Blog: Today’s Poverty Data Release
Marge Clark, BVM
Sep 16, 2015
No better, no worse! The U.S. Census Bureau released the poverty statistics for 2014. Compared with 2013, there were no significant differences in the percentages of people living in poverty. “No change” is NOT something to laud in our society!
Again, more than one in every five children (21.1%) lives below the poverty threshold.
Still, more women (16.1%) and more households headed by women (30.6%) live in poverty than is true for men (13.4% and 15.7%).
The median earnings of women who worked fulltime, year-round ($39,621) was 79% of that for men working fulltime, year-round ($50,383).
Generations of white privilege appear to continue to have an impact on the ability to move out of poverty. “White, not Hispanic” persons have a poverty rate of 10.1%, adding in White Hispanics, the total “White” level rises to 12.7%. This is still less than half the 26.2% poverty rate of Blacks.
Does this represent the nation we want? I grapple with this question.
Congress continues to be stuck! They are unable to even talk across the aisle about what our funding priorities need to be. Are we not committed to the belief that “all (men) are created equal, that they are endowed by their creator with certain unalienable Rights, that among these are Life, Liberty and the Pursuit of Happiness”? One side of the aisle seems dedicated to providing for instruments of war, death and destruction. The other side of the aisle leans toward protecting the rights to food, shelter, clothing, the ability to work, and other expenditures to enhance the quality of life for all of the people.
Poverty has not gotten a lot worse – on average – even though 46.7 million people (14.8% of the population) live below the official poverty level. This level itself is, in most parts of the nation, unlivable. In 2014:
- 48.1 million Americans (15.4%) were living in food insecure households. (www.frac.org)
- The national average housing wage for a two-bedroom apartment is two-and-a-half times the minimum wage of $7.25, or $4 more than the average wage of $15.16/hour earned by renters.
- On a single night in 2013, the count of homeless persons was 610,042. (http://www.endhomelessness.org/page/-/files/2014_State_Of_Homelessness_final.pdf)
- The average cost of center-based daycare in the United States is $11,666 per year ($972 a month), according to the National Association of Child Care Resource & Referral Agencies (NACCRRA).
- Median income for a household was $68,426 in 2014. (http://www.census.gov/newsroom/press-releases/2015/cb15-157.html)
All of these numbers vary greatly when looked at by state. A visit to any of the websites noted will let you examine the conditions in your own state.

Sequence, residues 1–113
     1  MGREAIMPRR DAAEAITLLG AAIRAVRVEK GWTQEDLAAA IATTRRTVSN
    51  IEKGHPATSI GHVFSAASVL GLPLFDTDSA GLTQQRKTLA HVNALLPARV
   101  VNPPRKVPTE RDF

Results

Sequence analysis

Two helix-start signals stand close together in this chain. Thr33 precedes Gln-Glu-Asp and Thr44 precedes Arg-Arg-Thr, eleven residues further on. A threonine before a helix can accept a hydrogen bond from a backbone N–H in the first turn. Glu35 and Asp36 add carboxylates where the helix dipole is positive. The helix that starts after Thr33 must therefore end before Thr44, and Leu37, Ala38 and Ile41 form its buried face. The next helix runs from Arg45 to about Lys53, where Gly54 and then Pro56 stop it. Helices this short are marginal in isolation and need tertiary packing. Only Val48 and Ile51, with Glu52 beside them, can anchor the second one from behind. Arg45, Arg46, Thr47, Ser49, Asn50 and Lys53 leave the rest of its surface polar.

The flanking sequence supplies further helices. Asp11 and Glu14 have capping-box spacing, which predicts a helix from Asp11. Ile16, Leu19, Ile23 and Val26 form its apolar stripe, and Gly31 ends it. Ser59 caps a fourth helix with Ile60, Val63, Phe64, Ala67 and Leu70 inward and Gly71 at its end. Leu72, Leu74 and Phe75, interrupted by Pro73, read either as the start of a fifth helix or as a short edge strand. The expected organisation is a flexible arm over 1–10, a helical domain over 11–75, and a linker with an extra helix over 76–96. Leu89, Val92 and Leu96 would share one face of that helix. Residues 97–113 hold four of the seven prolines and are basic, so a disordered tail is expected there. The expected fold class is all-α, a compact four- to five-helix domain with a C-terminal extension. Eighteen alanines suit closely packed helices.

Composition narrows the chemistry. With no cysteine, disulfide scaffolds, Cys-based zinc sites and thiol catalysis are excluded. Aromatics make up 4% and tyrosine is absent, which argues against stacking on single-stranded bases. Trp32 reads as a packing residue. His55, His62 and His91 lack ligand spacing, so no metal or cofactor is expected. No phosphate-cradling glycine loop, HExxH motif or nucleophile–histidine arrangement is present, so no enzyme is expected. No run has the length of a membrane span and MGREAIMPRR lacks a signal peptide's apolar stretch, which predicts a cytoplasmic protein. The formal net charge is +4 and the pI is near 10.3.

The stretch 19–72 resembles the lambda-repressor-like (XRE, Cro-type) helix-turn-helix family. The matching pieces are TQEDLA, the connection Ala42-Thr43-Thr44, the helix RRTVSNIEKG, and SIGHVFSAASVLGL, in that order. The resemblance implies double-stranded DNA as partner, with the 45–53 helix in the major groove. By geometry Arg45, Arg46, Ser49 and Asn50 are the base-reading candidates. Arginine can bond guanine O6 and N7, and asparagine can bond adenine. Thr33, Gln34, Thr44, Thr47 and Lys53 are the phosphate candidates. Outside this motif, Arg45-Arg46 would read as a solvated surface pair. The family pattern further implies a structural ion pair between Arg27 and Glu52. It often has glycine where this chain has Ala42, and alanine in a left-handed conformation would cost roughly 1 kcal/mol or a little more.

Not all the news is bad!! The U.S. Census Bureau study includes numbers and trends in those having health insurance – truly a huge expense to those who do not. There was a significant change in the numbers/rates of those without health insurance coverage for 2014, compared with 2013. The number of those without health insurance, for all of 2014 was 33.0 million (10.4%), down from 41.8 million (13.3%) in 2013.
A second method of measuring poverty (The Supplemental Poverty Measure: 2014) done in conjunction with the Bureau of Labor Statistics was also released today. This provides a deeper understanding of economic conditions. This supplemental measure adds the value of in-kind benefits, such as the Supplemental Nutrition Assistance Program, school lunches, housing assistance and refundable tax credits. It takes into consideration the impact of government assistance programs that help keep people from falling into poverty, or help lift them out of poverty. For example, the Earned Income Tax Credit (EITC) and the refundable portion of the Child Tax Credit kept an additional 3.1% of households with children above the poverty threshold.
The impact of these is amazingly wonderful – and most are in danger of again being cut. The improvements made to the EITC in 2012 are scheduled to go away in 2017. These have been significant in the impact of the EITC on poverty. While Congress continues to give tax dollars back to the very wealthy and to corporations, and to make many of them permanent, they refuse to make permanent improvements in the EITC and the Child Tax Credit.
Do we want, as a nation, to continue to have one in every five of our children living in poverty, in food insecure households, unable to afford excellent child care? Is remaining stagnant who we want to be?